Kotter (1996) uses the term “guiding coalition” to refer to an effective change-making team. He identifies four key characteristics of guiding coalitions: position power, expertise, credibility, leadership. Kotter also goes on to examine the importance of trust and a common goal. In a review of the literature on guiding coalitions, Have, Have, Huijsmans, and Otto (2017) found that though the concept of a guiding coalition is widely advocated in the literature, only one study showed a moderate correlation between the existence of a guiding coalition and the success of a change process (Abraham, Griffin, & Crawford, 1999). Have et al. (2017) conclude that while the literature provides little evidence to the value of a guiding coalition, it does provide evidence that Kotter’s characteristics of a guiding coalition (position power, expertise, credibility, leadership skills, trust in leadership, and setting common goals) individually have positive effects on the outcomes of a change project. However, we don’t know how these characteristics interact.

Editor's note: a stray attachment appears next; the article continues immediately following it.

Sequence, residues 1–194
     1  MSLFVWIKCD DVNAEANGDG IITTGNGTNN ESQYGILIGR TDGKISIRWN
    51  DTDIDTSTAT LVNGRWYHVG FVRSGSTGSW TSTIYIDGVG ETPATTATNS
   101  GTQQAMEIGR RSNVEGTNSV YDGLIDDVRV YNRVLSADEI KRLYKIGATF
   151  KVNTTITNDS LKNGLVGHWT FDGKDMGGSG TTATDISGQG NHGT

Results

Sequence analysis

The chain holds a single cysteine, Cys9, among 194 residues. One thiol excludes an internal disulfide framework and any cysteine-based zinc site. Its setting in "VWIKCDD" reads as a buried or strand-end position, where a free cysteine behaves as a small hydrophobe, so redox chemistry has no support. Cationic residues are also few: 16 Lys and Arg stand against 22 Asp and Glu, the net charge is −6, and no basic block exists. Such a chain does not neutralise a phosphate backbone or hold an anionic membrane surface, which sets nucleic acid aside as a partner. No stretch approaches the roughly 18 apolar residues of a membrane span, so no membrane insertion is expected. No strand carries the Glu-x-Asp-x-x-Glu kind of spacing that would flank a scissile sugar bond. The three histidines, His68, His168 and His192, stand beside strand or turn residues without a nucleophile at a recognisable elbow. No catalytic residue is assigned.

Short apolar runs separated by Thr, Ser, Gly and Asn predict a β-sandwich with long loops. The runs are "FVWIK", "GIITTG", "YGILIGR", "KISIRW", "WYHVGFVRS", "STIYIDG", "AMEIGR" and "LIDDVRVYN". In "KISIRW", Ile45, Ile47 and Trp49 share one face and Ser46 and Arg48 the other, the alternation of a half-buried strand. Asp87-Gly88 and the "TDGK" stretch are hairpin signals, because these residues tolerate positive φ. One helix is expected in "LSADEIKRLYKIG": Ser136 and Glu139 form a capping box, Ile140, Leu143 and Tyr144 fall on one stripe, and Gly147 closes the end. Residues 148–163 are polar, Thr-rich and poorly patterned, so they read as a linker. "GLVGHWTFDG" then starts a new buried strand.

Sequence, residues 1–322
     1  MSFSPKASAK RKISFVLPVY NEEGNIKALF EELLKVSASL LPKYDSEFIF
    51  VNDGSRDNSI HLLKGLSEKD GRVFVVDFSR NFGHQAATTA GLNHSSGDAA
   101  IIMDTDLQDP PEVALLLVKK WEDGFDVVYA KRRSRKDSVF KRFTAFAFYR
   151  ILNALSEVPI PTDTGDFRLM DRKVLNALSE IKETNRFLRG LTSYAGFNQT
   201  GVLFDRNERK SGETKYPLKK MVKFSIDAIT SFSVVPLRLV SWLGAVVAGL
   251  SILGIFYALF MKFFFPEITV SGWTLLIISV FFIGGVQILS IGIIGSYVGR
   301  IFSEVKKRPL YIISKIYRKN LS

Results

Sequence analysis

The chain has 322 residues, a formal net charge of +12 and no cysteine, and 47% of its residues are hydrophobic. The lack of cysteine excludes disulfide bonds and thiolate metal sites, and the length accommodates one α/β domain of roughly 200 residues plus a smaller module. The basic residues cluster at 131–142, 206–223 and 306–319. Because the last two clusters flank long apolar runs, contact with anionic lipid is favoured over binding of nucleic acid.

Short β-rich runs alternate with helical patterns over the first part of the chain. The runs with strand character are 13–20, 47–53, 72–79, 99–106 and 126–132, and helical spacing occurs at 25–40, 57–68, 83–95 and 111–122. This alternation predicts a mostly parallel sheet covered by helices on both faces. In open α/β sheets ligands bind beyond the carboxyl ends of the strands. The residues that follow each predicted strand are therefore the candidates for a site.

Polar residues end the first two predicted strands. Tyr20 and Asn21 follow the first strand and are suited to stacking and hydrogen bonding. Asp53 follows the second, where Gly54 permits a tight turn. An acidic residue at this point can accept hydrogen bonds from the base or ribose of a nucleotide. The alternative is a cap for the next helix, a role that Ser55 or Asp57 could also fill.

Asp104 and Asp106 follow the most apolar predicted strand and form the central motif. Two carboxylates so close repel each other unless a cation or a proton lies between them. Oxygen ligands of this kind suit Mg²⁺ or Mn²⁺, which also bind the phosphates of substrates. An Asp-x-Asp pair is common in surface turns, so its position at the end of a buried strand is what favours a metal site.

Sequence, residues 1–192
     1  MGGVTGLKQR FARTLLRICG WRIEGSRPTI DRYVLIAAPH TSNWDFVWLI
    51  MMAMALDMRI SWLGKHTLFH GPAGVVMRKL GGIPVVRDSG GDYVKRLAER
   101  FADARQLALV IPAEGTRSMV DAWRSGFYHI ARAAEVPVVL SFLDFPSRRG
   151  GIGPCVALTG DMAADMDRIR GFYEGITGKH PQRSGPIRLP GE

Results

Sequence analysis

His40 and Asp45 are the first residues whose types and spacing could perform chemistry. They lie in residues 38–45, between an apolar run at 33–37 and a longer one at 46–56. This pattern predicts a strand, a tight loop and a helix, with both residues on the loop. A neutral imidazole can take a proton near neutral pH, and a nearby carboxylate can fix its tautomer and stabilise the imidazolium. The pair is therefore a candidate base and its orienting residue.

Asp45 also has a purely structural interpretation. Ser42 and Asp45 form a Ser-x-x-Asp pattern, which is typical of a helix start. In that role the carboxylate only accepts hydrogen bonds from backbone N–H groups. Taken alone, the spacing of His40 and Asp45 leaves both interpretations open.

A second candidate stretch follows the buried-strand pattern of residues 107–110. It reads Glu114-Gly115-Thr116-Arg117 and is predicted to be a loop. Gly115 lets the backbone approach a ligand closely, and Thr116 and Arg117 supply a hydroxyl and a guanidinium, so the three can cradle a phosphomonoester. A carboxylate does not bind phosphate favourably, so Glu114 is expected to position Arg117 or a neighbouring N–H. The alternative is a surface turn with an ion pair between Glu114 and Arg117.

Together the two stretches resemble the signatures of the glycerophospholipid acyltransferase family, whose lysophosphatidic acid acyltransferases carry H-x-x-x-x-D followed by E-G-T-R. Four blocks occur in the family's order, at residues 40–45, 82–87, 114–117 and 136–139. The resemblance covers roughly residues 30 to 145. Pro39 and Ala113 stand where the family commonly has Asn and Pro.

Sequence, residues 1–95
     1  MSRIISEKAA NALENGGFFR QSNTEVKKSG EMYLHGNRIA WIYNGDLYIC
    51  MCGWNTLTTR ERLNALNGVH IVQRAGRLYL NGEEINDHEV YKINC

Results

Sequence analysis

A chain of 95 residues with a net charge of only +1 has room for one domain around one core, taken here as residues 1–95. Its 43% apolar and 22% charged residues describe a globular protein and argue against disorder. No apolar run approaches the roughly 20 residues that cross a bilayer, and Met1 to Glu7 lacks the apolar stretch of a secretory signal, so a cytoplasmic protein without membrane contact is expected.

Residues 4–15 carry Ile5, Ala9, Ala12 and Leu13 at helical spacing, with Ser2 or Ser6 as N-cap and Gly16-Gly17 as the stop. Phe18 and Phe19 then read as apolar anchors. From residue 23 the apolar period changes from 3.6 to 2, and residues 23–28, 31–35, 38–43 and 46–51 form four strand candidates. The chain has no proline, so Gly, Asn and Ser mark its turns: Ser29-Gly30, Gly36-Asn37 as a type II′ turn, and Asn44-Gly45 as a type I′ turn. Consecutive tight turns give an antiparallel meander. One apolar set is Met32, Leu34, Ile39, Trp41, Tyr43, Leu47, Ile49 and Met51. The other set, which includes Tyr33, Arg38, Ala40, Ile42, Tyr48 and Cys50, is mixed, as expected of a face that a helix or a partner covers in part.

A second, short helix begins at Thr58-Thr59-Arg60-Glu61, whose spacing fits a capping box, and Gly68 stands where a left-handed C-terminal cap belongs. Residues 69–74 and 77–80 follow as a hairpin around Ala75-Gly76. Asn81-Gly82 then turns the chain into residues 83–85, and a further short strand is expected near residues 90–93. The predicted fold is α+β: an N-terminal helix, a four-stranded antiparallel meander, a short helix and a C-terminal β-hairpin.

This analysis of team building and complementary skill sets emerges from our participatory action research with the NSF REvolutionizing engineering and computer science Departments (RED) teams to investigate the change process within STEM higher education. The research-to-practice cycle is integral to our project; data gathered through working with the RED teams provides insights that are then translated into applied, hands-on practices. We utilize an abductive analysis approach, a qualitative methodology that moves recursively between the data and theory-building to remain open to new or contradictory findings, keeping existing theory in mind while not developing formal hypotheses (Timmermans & Tavory, 2012). We find that many of the teams have learned lessons in the early stages of the change process around the guiding coalition characteristics, and our analysis builds on the literature by examining how these characteristics interact. For example, the expertise of the social scientists and education researchers help discern which change strategies have supporting evidence and fit the context, in addition to what is reasonable for planning, implementation, and evaluation. The results presented in this paper connect theory to practice, clarifying practices for building effective change-making teams within higher education.

Margherio, C., & Doten-Snitker, K., & Litzler, E., & Williams, J. M., & Andrijcic, E., & Mohan, S. (2019, June), Building Your Dream Team for Change Paper presented at 2019 ASEE Annual Conference & Exposition , Tampa, Florida. https://peer.asee.org/32489